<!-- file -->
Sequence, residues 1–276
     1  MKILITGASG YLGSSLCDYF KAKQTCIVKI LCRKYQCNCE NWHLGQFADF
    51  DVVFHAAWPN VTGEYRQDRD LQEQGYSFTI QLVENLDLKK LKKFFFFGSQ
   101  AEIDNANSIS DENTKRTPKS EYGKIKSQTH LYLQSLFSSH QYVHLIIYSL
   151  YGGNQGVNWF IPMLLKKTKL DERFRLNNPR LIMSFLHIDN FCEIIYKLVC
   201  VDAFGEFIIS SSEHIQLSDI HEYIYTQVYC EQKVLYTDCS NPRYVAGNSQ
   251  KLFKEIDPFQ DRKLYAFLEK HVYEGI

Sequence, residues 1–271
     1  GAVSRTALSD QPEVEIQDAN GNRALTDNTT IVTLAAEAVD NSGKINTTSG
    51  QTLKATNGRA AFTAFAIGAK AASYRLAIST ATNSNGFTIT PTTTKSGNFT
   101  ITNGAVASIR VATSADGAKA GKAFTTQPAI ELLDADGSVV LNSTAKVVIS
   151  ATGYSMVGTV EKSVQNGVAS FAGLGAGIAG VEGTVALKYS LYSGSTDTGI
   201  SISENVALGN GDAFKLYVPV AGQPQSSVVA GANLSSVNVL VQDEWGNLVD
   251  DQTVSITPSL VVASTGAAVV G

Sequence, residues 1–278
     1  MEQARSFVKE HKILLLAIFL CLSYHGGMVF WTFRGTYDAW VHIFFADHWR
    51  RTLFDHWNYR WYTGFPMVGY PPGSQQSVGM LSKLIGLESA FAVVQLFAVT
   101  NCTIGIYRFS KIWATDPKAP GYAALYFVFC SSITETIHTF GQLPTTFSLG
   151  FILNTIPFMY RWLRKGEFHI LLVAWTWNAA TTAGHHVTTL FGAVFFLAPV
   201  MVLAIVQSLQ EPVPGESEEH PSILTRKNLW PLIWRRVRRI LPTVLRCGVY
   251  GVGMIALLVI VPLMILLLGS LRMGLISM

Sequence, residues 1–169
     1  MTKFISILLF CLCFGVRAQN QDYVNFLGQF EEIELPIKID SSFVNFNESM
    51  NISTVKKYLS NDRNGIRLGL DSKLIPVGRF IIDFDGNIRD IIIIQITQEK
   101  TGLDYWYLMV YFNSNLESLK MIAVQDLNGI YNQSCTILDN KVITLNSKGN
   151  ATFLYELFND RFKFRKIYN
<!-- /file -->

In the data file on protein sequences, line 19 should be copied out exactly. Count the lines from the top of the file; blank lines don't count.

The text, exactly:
   151  FILNTIPFMY RWLRKGEFHI LLVAWTWNAA TTAGHHVTTL FGAVFFLAPV